13. Save this Network case as, SMIBconv.sav.
  14. Create a file SMIB.dyr in the Test directory with the following contents:
    1 'GENCLS' 1 20.0 0.10000/
    2 'GENCLS' 1 0.0 0.0/
    1 'TGOV1' 1 0.50000E-01 0.50000E-01 1.0500 0.30000
    1.0000 1.0000 0.0000/
    or copy SMIB.dyr file and keep it in the Test folder. This first statement says that this is a classical generator model connected to Bus 1, and is identified as the generator 1 (there can be many generators connected to a bus), it has H = 20, and D=0.1. The second statement says that this is an infinite-bus (H=0, D=0). The third statement says that a governor is attached to the generator at Bus 1.
  15. CTRL+o (or the usual icon or menu item), in the open dialogue, select type as dyr and then select SMIB.dyr. Then in the next dialogue box, type CC1, CT1, and compile in the three empty boxes.
  16. Go to Dynamics->Define Simulation output(CHAN)->Machine Quantity. Initially we define four outputs, Generator 1, angle and speed, Infinite-bus angle and speed. Type in appropriate numbers and give channels the names you like.After enering the particulars, press Go and then give details of the next variable you wish to store. Close the dialogue box after you have assigned all the channels. You can assign other variables to channels if you like.
  17. Now go to the Dynamics->Perform Simulation->Perform Simulation(start/run). In the Channel output file box type GOP1.out. In the Print Every, Write Every, Plot Every boxes you can type 1. Press the Initialize button.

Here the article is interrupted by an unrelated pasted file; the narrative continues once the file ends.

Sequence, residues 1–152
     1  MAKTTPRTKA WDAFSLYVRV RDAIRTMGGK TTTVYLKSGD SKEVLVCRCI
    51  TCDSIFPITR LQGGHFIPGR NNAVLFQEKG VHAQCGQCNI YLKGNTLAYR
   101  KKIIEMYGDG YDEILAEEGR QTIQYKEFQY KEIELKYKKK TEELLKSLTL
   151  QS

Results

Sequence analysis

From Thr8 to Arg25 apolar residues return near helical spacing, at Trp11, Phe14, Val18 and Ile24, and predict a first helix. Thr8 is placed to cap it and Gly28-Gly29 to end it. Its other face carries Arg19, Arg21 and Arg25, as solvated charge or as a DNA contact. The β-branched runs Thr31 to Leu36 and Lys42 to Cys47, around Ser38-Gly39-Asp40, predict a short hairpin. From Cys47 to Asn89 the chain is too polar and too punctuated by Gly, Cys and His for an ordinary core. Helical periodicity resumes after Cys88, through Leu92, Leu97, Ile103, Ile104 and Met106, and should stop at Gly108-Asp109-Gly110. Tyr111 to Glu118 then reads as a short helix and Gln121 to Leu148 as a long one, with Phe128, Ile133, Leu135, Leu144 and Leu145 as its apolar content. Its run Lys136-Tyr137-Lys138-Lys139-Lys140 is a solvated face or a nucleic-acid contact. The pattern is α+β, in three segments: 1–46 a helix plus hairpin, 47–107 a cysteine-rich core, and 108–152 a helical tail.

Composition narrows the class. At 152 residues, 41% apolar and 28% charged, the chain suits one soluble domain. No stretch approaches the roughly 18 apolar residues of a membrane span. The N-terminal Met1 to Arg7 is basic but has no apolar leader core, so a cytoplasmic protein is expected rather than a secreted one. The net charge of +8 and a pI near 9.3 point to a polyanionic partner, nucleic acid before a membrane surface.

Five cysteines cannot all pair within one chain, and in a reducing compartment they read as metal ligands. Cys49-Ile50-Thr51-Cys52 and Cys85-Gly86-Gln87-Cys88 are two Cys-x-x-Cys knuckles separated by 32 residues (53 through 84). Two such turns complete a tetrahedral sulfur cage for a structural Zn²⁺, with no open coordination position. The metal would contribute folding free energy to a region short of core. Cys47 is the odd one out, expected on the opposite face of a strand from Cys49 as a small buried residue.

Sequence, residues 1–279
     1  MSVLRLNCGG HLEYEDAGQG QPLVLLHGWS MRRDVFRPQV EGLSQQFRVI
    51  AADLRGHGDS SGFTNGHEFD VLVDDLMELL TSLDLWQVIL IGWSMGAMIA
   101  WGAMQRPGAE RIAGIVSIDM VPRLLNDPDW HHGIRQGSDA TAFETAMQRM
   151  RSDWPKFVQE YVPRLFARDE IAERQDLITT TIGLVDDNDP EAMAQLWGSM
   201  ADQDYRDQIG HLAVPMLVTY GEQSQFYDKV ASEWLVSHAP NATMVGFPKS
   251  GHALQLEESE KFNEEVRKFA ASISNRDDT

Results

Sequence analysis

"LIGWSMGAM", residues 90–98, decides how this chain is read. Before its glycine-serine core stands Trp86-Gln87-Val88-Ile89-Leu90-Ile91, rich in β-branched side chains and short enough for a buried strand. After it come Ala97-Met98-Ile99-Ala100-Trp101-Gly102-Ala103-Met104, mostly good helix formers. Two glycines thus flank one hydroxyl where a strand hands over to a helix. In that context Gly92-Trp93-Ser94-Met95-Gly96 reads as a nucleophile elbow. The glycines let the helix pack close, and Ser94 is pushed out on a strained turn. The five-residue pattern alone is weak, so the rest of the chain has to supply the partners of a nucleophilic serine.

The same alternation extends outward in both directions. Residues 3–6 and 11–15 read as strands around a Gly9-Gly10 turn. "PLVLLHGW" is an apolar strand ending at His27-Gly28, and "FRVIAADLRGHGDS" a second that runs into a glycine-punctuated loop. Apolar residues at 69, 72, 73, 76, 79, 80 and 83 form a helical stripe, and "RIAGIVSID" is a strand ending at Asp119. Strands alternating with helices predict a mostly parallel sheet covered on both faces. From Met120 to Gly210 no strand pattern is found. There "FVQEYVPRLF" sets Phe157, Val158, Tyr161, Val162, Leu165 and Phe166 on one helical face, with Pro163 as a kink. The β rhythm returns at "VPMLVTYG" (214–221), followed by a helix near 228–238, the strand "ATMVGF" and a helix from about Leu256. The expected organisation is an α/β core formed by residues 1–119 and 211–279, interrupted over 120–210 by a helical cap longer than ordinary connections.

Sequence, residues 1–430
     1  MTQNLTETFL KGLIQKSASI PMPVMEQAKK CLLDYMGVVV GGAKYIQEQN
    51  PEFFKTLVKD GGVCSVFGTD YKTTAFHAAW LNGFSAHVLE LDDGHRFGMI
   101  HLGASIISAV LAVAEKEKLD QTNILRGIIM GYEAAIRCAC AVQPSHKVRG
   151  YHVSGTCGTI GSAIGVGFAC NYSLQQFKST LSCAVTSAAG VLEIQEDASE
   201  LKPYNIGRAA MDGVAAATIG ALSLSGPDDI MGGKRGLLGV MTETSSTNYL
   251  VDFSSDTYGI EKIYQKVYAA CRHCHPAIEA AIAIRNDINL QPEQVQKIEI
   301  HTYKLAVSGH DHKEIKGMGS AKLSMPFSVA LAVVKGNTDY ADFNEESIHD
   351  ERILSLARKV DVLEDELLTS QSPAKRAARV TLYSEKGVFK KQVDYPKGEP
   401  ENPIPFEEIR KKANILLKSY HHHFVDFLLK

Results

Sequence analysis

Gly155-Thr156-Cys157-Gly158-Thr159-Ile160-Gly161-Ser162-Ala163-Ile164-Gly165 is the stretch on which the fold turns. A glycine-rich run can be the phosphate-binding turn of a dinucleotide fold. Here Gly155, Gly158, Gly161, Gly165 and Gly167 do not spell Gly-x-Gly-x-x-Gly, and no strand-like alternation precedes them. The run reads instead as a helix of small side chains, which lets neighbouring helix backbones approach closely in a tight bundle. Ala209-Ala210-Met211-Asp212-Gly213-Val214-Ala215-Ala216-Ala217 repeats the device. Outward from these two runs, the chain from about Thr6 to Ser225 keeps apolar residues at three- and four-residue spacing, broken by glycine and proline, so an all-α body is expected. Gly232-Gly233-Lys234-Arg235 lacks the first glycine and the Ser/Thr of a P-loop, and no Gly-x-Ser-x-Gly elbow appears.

18. Save snap file by going to the save menu and choosing snap file, save this as SMIB.snp.
  19. Next type 0 in Run to box and hit Run. Next type 1 in Run to box and hit Run. Finally close this box.
  20. Next go to Disturbance->Trip line, select From Bus 1 to Bus 2 and Circuit ID as 1.
  21. Again go to Dynamics->Perform Simulation->Perform Simulation(start/run) and in the Run to box type 2 and Run.
  22. Now to to Disturbance->Close line and close the line opened before.
  23. Again go to Dynamics->Perform Simulation->Perform Simulation(start/run) and in the Run to box type 20 and Run.
  24. Now we can plot this data. Open a new file (CTRL+n or icon or the menu item) and select the Plot Book radio button.
  25. Open the GOP1.out file by CTRL+o and File type .out and select GOP1.out.
  26. Click on Plot Data tab. In the tree view on the LHS of the window, open Channel Files->GOP1 folder and drop one of the channels on the open plot window. You can create new plots or delete plots from the Edit menu items and drop different channels and view these plots. These plots can be exported using File->Export and then appropriate selections and here is a sample of speed and angle plots.
  27. Go I/O Control->Stop Recording. Open using a text editor and have a browse through.


Python Scripting

The above 27 steps can be easily coded as python commands and executed much more quickly and by changing parameters. Learning how run through these steps using python scripts gives it a great deal of flexibility. The above steps have been broken down into the following three python scripts. To run a python script, go (CTRL+Shift+A) I/O Control->Run Program Automation file and then select python in the file type.